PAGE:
Modern browsers have built-in security features that respond to specific headers in HTTP responses.
While these headers are relatively easy to enable and use, they provide significant security by instructing browsers to adhere to certain security rules. In this post, we’ll detail ways to use security headers to protect yourself and your users.
Use headers to improve security
Over the years, browsers have implemented headers suited for various tasks including defense against attacks. Here are some of the headers you can set from your application to help protect sensitive data and keep your websites secure..
Prevent access to sensitive information with headers
You can use security headers to prevent attackers from gaining access to sensitive or confidential information. One powerful attack, SSL stripping, was first presented by Moxie Marlinspike at Black Hat 2009.
SSL Stripping is a type of man-in-the-middle attack in which HTTPS requests are stripped back down to HTTP so that the attacker can see and capture sensitive information such as passwords and credit card numbers. You can block this attack using the HTTP Strict Transport Security (HSTS) header.
Protect against clickjacking
Another attack uses iframes in a form of clickjacking. By embedding the content of a web page into another website, a user’s click can be hijacked. The X-Frame-Options header is just one of several ways to defend against clickjacking.
Cross-site scripting defense
One of the most famous types of injection attack is cross-site scripting (XSS), in which malicious scripts are added to trusted websites. There are two important headers to know about for defense against XSS attacks:
- The X-XSS-Protection header instructs the browser to turn on its built-in protection against XSS
- The Content-Security-Policy (CSP) header prevents and report XSS attacks by determining domains from which a page is allowed to load content.
Defend against information leakage
There are a couple ways to prevent accidental information leakage with headers:
- The referrer-policy header prevents leakage of sensitive information through the referrer header to third-party websites by controlling what information is sent while making HTTP requests.
- The Cache-Control header tells browsers what data to cache and for how long. This helps both performance and security by allowing the server to instruct the browser to cache public, private, and sensitive information in different ways. For more information, see Mozilla’s Cache-Control page.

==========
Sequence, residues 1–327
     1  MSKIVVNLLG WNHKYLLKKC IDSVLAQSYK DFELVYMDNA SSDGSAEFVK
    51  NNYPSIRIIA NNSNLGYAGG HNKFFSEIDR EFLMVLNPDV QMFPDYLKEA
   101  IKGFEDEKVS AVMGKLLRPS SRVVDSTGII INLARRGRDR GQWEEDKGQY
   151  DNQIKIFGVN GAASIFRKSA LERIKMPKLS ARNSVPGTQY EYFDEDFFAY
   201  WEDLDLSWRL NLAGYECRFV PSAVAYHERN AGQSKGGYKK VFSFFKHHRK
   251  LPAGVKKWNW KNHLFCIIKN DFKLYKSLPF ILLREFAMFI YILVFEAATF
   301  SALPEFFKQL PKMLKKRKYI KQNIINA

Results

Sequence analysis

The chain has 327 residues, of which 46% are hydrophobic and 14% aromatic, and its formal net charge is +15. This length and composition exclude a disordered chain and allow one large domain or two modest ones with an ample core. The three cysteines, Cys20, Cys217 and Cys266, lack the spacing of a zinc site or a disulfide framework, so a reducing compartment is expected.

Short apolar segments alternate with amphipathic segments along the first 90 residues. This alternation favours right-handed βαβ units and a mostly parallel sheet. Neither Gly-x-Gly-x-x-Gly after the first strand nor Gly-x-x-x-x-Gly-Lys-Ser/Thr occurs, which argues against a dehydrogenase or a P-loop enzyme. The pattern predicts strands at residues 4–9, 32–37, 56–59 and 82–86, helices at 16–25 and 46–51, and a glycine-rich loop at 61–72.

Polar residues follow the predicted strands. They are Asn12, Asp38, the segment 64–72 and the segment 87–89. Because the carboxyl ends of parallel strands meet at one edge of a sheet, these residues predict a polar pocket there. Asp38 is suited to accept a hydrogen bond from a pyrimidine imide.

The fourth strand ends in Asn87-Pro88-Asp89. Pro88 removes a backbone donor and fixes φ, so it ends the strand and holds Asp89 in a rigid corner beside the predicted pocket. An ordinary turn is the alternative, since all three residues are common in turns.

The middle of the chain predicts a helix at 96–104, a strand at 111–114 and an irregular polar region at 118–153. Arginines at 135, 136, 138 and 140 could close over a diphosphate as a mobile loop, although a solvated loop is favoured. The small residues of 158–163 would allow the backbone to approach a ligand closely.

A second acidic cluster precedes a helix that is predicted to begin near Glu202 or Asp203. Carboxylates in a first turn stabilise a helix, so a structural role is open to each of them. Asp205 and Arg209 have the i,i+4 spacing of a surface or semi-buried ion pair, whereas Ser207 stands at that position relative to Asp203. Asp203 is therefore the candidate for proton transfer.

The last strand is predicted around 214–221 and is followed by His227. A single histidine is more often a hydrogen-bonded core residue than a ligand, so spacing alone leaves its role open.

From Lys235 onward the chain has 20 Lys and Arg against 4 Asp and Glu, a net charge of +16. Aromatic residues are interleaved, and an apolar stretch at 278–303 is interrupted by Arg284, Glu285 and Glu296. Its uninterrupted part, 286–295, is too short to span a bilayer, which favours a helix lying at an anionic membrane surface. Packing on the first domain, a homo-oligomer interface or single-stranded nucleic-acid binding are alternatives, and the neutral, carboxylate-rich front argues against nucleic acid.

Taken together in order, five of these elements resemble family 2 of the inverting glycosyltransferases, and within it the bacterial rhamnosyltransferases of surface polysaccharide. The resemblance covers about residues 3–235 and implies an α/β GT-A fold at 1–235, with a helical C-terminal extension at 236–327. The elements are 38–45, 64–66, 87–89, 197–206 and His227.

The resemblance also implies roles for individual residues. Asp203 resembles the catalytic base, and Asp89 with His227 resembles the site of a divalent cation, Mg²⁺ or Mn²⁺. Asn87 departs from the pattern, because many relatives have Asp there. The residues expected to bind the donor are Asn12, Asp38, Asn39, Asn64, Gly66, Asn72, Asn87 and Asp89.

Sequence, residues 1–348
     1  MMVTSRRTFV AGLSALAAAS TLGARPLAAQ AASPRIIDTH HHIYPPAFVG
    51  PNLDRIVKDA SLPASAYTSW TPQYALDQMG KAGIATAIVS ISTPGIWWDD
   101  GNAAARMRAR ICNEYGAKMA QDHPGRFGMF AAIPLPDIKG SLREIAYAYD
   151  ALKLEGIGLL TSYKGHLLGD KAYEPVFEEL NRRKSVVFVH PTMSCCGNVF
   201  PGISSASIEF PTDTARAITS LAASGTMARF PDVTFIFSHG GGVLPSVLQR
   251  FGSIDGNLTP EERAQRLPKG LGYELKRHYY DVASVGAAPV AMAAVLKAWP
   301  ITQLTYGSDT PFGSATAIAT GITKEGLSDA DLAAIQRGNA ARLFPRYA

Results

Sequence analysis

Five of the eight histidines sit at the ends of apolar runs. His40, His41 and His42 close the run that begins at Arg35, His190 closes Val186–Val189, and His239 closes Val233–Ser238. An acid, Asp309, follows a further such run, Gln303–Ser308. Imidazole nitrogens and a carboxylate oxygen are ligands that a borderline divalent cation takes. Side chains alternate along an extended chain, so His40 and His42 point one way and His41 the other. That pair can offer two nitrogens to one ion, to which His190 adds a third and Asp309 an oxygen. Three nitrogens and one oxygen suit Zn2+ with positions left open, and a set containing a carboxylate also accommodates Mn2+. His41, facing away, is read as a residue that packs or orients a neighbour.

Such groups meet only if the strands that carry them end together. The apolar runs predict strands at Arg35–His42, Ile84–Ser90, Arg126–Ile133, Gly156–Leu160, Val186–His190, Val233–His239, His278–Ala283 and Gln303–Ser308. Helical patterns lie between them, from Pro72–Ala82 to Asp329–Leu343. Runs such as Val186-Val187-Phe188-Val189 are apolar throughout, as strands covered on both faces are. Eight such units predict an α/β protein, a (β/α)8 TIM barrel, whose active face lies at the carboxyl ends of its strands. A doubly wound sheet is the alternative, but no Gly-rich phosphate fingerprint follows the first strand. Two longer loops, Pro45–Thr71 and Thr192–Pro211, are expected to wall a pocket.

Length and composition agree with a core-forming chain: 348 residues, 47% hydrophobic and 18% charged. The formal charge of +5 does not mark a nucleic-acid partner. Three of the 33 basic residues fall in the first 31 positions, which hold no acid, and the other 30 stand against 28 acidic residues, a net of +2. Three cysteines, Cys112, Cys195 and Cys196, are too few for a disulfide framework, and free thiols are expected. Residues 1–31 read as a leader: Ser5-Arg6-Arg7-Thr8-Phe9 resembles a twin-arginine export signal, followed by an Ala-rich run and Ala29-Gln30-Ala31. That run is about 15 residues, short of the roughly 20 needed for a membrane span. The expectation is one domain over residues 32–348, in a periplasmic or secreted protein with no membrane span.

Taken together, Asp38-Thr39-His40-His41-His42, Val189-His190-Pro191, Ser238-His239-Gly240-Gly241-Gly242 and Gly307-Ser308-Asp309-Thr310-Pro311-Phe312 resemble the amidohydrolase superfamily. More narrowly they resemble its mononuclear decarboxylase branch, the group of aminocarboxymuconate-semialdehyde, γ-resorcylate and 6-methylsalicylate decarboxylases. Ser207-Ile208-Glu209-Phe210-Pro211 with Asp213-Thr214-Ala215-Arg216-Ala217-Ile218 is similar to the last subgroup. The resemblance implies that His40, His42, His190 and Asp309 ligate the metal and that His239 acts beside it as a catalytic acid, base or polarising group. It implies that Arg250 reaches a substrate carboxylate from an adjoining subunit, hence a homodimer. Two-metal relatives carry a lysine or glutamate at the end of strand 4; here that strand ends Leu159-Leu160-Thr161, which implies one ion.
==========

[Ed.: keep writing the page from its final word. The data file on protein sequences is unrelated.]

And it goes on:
Specify content types and behavior
If you want to ensure expected behavior and force the browser to adhere to specified content types, there are two more headers to know about:
- The Feature Policy header is fairly new and instructs the browser to selectively enable or disable various browser features and APIs for use on the website. The aim is to lock down applications to prevent execution of content that might introduce unwanted or unexpected behaviors.
- The X-Content-Type-Options header restricts the browser from trying to guess the content type of the response, forcing the browser to adhere to what is specified in the Content-Type header. This helps prevent content sniffing, which can transform non-executable MIME types into executable MIME types.
Adding headers to your server response
You can add these custom headers to your server response to help keep your websites secure. The configuration procedure is different for different servers. For example:
- On Apache, use header set in the .htaccess file
- Compile Nginx with NginxHttpHeadersModule and use add add_header in nginx.conf
Better security through headers
These are just a few ways to easily improve security on your web pages by using headers. There is much more to explore, but these tips are a good start to protect yourself and your users.
For more information about Twilio’s recommended settings for these headers, see https://www.twilio.com/docs/usage/security/use-headers-to-improve-security. Also read our overview on responsible Header usage.
Yash is a Senior Security Engineer at Twilio, previously at Box. He has worked in security for over half a decade in a variety of roles – everything from consulting to enterprise product security teams. He takes pleasure in containerizing and automating all things, sharing knowledge at conferences, and hiking. Yash can be reached at ykosaraju [at] twilio.com.